John Wick: Chapter 2
John Wick was one of the biggest surprises of 2014. What seemed like it was going to be another forgettable gun heavy action movie ended up being some of the most fun we’ve had at the movies since they added sound. It was a genuine, simple action movie that we’re still talking about and we’re totally on board for this sequel. John Wick: Chapter 2 promises just as much gunplay as the first movie and it looks like the dog survives this time. That’s good, since we really don’t think we could take another scene like the one from the first movie. That puppy-sized blood trail still keeps us up at night. There’s also the promise of a Neo/Morpheus reunion in this one, and since John Wick is basically hitman Neo, this might end up being The Matrix sequel we always wanted.
Trainspotting was one of the better explorations of what it is to be Scottish and/or an addict at any stage, though not necessarily in that order. The movie gave us grounded, understandable characters, so even if it was difficult at times to understand accents, character motives and arcs were never hard to follow. Judging from the trailer, T2: Trainspotting promises a similar window into the souls of the same characters. Renton, Sick Boy, Spud, and Begbie are all well-established addicts, which means even when no one’s shooting heroin, they’ve replaced it with something else, be it life, social media, nostalgia, porn, or a brand new drug. Roughly 20 years have passed since they’ve been together, and T2 explores how they’ve changed in that time and what their reunion might reawaken inside them.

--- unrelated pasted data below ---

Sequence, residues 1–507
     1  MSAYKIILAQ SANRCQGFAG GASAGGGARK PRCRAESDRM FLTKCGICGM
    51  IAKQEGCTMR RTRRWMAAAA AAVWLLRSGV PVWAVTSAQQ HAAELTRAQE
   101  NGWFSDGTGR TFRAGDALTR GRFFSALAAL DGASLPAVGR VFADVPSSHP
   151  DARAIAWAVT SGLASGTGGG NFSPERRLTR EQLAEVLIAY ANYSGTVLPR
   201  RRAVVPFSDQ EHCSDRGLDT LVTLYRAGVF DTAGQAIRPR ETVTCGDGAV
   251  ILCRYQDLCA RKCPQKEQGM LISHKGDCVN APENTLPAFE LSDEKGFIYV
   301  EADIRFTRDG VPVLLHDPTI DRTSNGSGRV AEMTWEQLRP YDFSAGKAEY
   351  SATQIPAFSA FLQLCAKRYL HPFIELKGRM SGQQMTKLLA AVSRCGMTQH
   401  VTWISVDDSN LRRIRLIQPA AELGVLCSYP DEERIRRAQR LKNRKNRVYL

Woody Harrelson has taken some odd roles in his life and he’s done well in almost all of them, but he always seems most comfortable with characters who are just slightly mentally askew. Tallahassee in Zombieland, Merritt McKinney in Now You See Me, and Woody Boyd in Cheers are all times when Harrelson got to mess around inside the heads of strange people. He’s getting the opportunity again with Wilson, a movie about Wilson and his ex-wife (Laura Dern) attempting to reconnect with their daughter, who’d been adopted years before. It’s a sort of second chance for Wilson, who otherwise has trouble connecting with people, thanks to the lack of a screening process between his thoughts and mouth. Mostly, we’re excited to see Harrelson get back to a bit of comedy, since that’s where we’ve liked him most.
Ghost in the Shell